Working Hard to Rebuild our National Security, Improve Economic Opportunity & Protect our Constitutional Liberties

Latest News

The Eagle - 'Proud to be an Aggie:' Rep. Flores on hand for opening of new Texas A&M research facility

f t # e
Bryan, April 12, 2017 | comments
By Kelan Lyons

Saying Texas A&M University's latest research space makes him "proud to be an Aggie," U.S. Rep. Bill Flores was one of several special guests who gathered Tuesday afternoon to celebrate the grand opening of the new Human Clinical Research Facility.

Flores, who is back in his home in the 17th District for the congressional Easter break, was one of four guest speakers who celebrated the new research facility's opening. Richard Kreider, the new facility's executive director; Nicolaas Deutz, director of the Center for Translational Research in Aging and Longevity; and Michael K. Young, Texas A&M's president, also gave speeches during the hour-long dedication ceremony. Joyce Alexander, dean and professor at A&M's College of Education and Human Development, introduced the speakers and, after their remarks, dismissed the crowd for facility tours, demonstrations and a reception.

After Flores used the obligatory "Howdy" to begin his public remarks, the congressman praised his alma mater. Flores said the school's commitment to research, which is partly funded by taxpayer money, has led to "amazing returns" that drive research forward and increase our understanding of the world and its challenges.

 

Flores, a member of Texas A&M's class of '76, intimated that the federal government played an important role in funding scientific research, stating that "nobody can best fund research like the federal government." The statement was intended to allay concerns that the new president's budget would drastically reduce the availability of federal funding for research vital for scientific understanding and public safety.

Released last month, Trump's "America First" budget -- which is merely a proposed budget -- slashed the funding of the National Institute of Health by $5.8 billion, imperiling federal funding for research projects conducted in university laboratories across America.

"Don't worry about that," Flores told the crowd on Tuesday afternoon. "Congress controls the budget, not the president."

Young echoed Flores' sentiments, saying that research -- and the funding that has made it possible -- has helped the university to remain on the cutting edge.

"We will look back at this moment in time as a real important point in U.S. history," Young said.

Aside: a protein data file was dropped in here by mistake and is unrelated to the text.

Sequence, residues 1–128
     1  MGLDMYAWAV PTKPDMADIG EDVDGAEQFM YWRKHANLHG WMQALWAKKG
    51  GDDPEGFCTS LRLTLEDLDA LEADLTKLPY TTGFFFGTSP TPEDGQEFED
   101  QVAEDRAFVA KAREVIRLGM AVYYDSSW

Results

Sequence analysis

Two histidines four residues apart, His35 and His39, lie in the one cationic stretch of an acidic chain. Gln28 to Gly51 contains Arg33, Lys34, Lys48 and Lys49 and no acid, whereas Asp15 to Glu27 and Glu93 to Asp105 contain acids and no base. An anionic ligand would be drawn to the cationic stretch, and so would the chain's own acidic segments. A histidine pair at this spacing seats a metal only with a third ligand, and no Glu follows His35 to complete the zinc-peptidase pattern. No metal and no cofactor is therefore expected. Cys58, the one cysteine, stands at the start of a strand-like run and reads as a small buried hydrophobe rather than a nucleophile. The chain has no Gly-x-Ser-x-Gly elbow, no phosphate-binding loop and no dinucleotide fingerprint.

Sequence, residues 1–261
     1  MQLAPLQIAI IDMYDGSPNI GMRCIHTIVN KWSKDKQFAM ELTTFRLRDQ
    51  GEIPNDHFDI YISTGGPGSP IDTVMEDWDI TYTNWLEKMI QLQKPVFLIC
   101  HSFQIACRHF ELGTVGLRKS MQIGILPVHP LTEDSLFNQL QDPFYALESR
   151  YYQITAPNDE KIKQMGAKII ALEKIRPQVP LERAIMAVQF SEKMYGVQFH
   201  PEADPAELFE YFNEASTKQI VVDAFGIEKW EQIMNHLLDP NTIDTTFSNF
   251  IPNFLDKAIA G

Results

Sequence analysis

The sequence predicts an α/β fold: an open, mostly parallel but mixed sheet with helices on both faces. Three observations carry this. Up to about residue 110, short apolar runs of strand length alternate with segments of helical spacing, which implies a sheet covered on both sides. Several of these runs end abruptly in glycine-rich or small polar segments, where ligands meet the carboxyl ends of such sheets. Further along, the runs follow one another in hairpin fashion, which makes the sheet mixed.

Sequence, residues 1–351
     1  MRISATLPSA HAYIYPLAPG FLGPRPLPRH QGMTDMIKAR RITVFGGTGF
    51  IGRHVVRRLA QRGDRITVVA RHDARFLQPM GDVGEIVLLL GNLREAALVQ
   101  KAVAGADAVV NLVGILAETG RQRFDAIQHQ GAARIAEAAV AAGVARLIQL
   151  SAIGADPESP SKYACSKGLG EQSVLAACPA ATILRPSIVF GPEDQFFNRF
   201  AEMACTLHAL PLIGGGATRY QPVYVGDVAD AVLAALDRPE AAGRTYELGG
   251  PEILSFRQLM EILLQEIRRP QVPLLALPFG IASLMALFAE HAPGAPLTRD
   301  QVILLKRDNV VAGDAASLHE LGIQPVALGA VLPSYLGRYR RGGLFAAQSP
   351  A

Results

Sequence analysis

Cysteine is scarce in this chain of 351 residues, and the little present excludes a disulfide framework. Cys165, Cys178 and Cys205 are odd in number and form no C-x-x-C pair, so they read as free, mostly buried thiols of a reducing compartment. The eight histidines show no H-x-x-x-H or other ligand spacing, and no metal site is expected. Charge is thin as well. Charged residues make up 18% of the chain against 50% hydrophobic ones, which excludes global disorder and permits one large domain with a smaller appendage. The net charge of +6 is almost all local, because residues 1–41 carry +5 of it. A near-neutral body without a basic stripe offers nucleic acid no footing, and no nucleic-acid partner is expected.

The new 23,000 square-foot Human Clinical Research Facility "is dedicated to the study of translational research on nutrition, exercise, and metabolism in relation to aging and the common diseases of our aging population," according to the facility's website. The facility has exercise and rehabilitation training rooms, a data storage area, faculty and researcher offices, a metabolic kitchen, a rehabilitation area, resting energy expenditure rooms, medical exam and procedure rooms, wet lab facilities, 12 beds for overnight research studies and a compounding facility to "prepare solution for intravenous infusion/injections," according to the website. The facility is intended to be a hub for human clinical research studies conducted on A&M's campus and will not be solely focused on issues affecting older people; possible research topics include studies involving muscle atrophy, diet and exercise, sleep apnea and the impact of chronic illnesses on the brain, among other topics.

"This building represents what is the very best about this university," Young said.

Flores -- who last month issued public statements supporting the American Health Care Act, a replacement for the Affordable Care Act -- expressed hope that the new research facility would lead to a "healthier and happier Texas."

Just before dismissing the crowd for tours of the new building and a reception, Alexander said the goal of the facility and its researchers was to "give back hope. Often."

To learn more about the new Human Clinical Research Facility, visit http://hcrf.tamu.edu/.


To read full article click here.

f t # e
Tags: Education

Connect with Congressman Flores on Facebook

After careful consideration of the pros and cons of the border security and government funding bill, I elected to support President Trump by voting for the bill. This bill averts another partial government shutdown, provides an important down payment on a physical border barrier to address the security crisis along our southern border (all of which will be built in Texas), gives ICE the resources they need to detain violent criminals, and funds key initiatives to improve border security technology. I cannot and will not ever vote against a national security funding bill when there is not another achievable option to enable the federal government to fulfill its most important Constitutional mission – keeping hardworking American families safe.

Connect with Congressman Flores on Twitter

RT @realDonaldTrump: Democrats in the Senate are still slow walking hundreds of highly qualified people wanting to come into government. Ne…